An activation of the replication bundle has an impact on how your database acts. There are some internal procedures that are executed only if this module is enabled. Note that is it enough if the bundle is active, it doesn't have to be configured to indicate any destination node. Below the implications of active replication that you should be aware of are listed.
The replication bundle provides a mechanism to detect if a document was modified and if there is a need to propagate it to a destination, but it also handles the replication on a destination database. So you have to remember about an activation of the replication bundle in both databases.
Influence on metadata
The replication module arrives with triggers performed on every PUT operation. They take care of tracking an ancestry of a document (or an attachment) and building its history when it moves between database instances. These information are stored in metadata under special system keys:
Raven-Replication-Version that describes a file version in a database,
Raven-Replication-Source which is a database identifier where a file was put,
Raven-Replication-History where old pairs of source and version are collected.
As already mentioned, these values are added to metadata only if the replication is active. It means that the scenario for enabling database replication when documents are already there is not supported.
A destination RavenDB instance uses history of a replicated document to detect if there is a conflict. The more edits of the document are made, the longer history it has. RavenDB tracks history of last 50 document's modifications. After exceeding this value history is trimmed. Notice that might cause document conflicts even if Master/Slave configuration was applied. Each edit of a document pushes a last history item out of a history list. When it happens more than 50 times to the same document between two replication cycles, history will contain only information about new changes that the destination database has never seen. The destination will not be able to detect that its document is an ancestor of a replicated document and will make the conflict.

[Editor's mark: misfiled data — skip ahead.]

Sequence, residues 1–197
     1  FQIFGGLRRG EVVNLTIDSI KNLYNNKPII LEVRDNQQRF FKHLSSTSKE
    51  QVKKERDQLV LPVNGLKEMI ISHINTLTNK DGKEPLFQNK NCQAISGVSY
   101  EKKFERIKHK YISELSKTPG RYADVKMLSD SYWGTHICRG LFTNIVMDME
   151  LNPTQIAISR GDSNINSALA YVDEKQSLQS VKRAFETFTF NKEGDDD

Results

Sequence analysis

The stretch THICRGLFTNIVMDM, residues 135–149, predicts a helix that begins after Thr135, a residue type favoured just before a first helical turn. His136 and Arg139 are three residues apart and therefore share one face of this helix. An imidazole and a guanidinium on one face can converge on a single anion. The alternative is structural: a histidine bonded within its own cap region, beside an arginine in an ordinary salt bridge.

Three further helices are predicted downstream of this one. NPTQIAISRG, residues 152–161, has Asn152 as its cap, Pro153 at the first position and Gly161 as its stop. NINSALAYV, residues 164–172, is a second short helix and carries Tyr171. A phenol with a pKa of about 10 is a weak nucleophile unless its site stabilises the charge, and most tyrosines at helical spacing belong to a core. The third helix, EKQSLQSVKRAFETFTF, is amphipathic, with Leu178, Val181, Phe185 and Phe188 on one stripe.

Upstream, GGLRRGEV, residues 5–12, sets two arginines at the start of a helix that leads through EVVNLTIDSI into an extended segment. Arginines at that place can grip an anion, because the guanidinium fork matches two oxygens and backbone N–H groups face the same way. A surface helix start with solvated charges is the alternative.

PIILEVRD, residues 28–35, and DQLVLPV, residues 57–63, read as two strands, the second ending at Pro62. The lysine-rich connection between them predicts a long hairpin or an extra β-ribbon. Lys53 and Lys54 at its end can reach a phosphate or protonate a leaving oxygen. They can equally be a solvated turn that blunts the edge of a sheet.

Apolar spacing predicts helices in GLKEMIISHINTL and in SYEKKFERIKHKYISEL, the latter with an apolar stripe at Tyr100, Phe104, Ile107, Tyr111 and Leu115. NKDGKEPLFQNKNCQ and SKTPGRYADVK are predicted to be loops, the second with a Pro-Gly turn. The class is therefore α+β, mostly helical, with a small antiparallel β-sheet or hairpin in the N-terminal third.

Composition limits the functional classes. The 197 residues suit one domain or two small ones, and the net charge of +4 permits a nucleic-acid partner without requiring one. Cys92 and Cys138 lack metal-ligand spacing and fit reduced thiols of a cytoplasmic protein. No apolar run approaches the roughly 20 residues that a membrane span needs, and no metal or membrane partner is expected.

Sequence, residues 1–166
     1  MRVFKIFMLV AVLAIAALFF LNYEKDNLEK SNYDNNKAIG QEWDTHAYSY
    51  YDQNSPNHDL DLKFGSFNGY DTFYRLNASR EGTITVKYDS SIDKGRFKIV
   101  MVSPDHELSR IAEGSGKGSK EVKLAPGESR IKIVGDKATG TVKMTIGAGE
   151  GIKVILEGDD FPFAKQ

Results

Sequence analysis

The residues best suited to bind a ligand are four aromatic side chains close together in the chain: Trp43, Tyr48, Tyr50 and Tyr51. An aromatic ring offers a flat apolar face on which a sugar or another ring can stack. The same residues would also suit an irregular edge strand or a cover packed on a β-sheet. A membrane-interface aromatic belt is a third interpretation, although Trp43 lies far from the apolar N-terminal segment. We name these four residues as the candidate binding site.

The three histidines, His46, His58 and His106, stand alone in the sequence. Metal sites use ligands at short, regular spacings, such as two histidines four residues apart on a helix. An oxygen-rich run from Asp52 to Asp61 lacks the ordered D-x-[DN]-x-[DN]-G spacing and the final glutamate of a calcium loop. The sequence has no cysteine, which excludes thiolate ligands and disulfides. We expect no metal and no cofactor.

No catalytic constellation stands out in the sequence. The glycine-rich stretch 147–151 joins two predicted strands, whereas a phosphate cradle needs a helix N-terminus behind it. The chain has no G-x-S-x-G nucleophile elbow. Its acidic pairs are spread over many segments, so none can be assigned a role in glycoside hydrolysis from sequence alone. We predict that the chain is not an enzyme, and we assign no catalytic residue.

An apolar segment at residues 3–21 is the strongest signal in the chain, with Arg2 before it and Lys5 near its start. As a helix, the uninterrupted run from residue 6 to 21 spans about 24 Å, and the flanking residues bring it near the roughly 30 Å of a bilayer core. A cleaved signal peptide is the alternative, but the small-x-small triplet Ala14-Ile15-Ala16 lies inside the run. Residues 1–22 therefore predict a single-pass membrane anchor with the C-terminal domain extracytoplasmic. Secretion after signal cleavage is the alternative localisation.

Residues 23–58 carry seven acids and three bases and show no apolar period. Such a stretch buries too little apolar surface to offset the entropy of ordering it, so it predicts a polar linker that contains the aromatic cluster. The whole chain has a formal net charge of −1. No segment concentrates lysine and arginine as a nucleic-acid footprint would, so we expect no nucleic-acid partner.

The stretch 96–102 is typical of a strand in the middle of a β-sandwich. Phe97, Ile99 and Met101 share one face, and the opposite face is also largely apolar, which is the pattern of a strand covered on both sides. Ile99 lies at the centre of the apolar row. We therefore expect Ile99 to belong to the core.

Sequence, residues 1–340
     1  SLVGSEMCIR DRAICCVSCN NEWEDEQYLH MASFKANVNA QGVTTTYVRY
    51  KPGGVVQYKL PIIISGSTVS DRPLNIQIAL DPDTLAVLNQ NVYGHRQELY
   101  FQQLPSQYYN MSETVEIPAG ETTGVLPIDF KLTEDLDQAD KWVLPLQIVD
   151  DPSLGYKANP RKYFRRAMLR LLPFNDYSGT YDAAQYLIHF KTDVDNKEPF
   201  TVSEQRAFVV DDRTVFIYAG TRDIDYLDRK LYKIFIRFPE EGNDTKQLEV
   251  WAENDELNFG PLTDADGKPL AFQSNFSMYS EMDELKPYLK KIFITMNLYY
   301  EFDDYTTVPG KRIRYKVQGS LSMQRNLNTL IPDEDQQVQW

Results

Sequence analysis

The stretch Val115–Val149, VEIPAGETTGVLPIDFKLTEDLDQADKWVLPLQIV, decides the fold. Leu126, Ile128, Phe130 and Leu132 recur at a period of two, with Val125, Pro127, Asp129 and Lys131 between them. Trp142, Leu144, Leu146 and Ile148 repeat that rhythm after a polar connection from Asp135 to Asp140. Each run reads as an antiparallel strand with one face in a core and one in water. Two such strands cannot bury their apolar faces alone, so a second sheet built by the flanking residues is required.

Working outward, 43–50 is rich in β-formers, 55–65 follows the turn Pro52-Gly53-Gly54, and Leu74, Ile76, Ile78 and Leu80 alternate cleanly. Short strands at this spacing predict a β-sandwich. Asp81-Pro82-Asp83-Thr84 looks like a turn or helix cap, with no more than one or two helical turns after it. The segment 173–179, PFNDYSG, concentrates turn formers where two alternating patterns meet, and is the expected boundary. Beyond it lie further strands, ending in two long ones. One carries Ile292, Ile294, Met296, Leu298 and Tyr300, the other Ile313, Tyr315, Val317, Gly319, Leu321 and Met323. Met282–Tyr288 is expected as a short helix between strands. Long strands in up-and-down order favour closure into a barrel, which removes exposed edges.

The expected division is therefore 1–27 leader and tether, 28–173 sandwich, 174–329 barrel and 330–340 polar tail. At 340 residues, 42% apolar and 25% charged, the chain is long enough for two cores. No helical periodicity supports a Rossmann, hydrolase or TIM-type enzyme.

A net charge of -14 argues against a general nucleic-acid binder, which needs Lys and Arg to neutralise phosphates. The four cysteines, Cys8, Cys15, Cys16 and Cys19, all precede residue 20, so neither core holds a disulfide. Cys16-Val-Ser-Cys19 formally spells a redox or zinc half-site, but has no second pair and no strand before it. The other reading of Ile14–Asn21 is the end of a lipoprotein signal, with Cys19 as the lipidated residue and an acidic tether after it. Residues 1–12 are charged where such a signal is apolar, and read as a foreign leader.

In RavenDB there is a concept of tombstone that represents a deleted document. Every document delete operation entails to store a tombstone document. This mechanism is used by the replication and it works only if the replication bundle is active. The stored tombstone documents are used to reflect a delete document operation on a destination database. Although the tombstones are created in a different storage area than the documents, they are still included in database statistics, that's why the document count does not decrease after a delete if the replication is enabled.